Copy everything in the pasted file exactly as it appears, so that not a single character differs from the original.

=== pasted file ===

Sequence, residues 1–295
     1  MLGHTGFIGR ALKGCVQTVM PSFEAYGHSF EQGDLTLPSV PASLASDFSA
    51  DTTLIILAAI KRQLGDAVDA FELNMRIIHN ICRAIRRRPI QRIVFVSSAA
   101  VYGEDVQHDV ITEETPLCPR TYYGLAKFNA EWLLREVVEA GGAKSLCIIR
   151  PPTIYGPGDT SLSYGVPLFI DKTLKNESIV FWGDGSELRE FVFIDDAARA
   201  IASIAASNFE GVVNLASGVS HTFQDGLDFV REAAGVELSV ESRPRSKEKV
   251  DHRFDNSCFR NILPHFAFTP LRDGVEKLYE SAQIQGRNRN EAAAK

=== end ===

Sequence, residues 1–295
     1  MLGHTGFIGR ALKGCVQTVM PSFEAYGHSF EQGDLTLPSV PASLASDFSA
    51  DTTLIILAAI KRQLGDAVDA FELNMRIIHN ICRAIRRRPI QRIVFVSSAA
   101  VYGEDVQHDV ITEETPLCPR TYYGLAKFNA EWLLREVVEA GGAKSLCIIR
   151  PPTIYGPGDT SLSYGVPLFI DKTLKNESIV FWGDGSELRE FVFIDDAARA
   201  IASIAASNFE GVVNLASGVS HTFQDGLDFV REAAGVELSV ESRPRSKEKV
   251  DHRFDNSCFR NILPHFAFTP LRDGVEKLYE SAQIQGRNRN EAAAK